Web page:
Such an approach would also avoid the legal driftsand on which the Amending Merged Court Protocol seems to be built. The question may beposed how a Protocol that is not yet in force can be amended. Legally speaking, the Merged Protocol can be ‘amended’ only once it has entered into force. These technical complexities can be avoided if the merged Court (consisting of two sections) and the African Criminal Court are treated as separate structures, each with its own distinct legal basis. One of the main reasons why the Amending Merged Protocol is such a maze of complexity, is the fact that it amends a treaty that is yet to come into legal being.

Alternative: Human rights-enhancing changes to the Amending Merged Court Protocol

However, if it is so that the train has already left the station, in the sense that there is little political appetite and no space to engage critically with the notion of a three-section court by reviewing the structural tripartite entity that has been foreseen in the Amending Merged Court Protocol, a number of concrete suggestions are made as to the improvement, from a human rights point of view, of the Amending Merged Court Protocol.

  • The composition and role of the Appellate Chamber should be clarified. In providing this clarification, regard must be had to the fact that the human rights section alone should be competent to hear cases related to human and peoples’ rights as set out in article 7 in the current version of the Statute. The appellate chamber, consisting of judges without competence in human rights matters specifically, should not be placed in a position in which they could overrule the findings of the Human Rights Section of the Court. As the Protocol stands, the decisions of the Human Rights Section may be overturned by the Appellate Chamber of the International Criminal Section. Such a state of affairs would seriously undermine the autonomy the human rights section and its mandate.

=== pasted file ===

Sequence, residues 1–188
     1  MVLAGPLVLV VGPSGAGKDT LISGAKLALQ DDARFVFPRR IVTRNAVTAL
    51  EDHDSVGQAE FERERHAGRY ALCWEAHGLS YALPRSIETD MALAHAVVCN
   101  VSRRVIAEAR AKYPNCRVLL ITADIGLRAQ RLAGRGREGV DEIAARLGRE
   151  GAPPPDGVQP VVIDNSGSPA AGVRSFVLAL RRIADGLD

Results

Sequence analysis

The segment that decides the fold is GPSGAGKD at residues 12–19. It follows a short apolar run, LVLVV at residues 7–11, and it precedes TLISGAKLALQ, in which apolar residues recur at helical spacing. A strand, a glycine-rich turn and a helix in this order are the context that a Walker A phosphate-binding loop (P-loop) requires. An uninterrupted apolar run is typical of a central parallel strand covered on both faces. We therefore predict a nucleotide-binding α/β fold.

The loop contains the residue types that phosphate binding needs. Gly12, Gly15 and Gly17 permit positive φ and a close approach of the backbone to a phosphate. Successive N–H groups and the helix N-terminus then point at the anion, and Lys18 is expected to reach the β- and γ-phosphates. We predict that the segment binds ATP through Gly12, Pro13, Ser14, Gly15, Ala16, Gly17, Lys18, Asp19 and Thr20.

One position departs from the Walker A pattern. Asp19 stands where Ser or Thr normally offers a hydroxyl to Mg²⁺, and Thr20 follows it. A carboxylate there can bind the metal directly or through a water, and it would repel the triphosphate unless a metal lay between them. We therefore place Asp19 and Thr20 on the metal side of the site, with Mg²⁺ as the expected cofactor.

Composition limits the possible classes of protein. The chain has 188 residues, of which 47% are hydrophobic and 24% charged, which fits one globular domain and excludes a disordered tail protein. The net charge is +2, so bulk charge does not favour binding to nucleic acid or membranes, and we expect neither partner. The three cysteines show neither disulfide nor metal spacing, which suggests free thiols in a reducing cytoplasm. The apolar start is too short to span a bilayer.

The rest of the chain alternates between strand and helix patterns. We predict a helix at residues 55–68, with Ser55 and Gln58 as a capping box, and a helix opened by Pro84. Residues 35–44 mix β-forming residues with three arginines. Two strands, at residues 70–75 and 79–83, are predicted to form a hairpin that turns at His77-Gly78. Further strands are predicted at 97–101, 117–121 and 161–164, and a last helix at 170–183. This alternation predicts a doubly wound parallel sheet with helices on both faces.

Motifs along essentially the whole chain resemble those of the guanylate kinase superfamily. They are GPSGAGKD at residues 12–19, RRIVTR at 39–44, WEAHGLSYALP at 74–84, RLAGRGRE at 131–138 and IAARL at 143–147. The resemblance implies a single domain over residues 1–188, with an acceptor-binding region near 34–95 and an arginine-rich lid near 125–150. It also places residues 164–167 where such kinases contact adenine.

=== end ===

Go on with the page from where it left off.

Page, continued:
• The title of the Protocol should at the very least identify the exact, tri-functional nature of the court, and should not merely and deceptively be called ‘African Court of Justice and Human and Peoples’ Rights’.  This amendment to the title may be an appropriate to better represent the nature of the two-section Court (by adding ‘and Peoples’’ in line with the African Charter on Human and Peoples’ Rights and the naming of the current Court, the African Court of Human and Peoples’ Rights). However, the addition of a third section makes this name inappropriate, as it does not reflect the essence of the Amended Merged Court: The title should be ‘African Court of Justice, Human and Peoples’ Rights and International Criminal Justice/International Crimes’. An objection that this title is overly long or complicated merely underlines the true nature of the proposed court.
  • A provision should be included to create the option for states to accept the jurisdiction of only the Human Rights and General Affairs Sections. The jurisdiction of the International Criminal Law Section should be optional rather than a necessary consequence of ratification. This possibility would address the concern that an all-or-nothing approach could deter some states from ratifying the Amending Merged Court Protocol.

Conclusion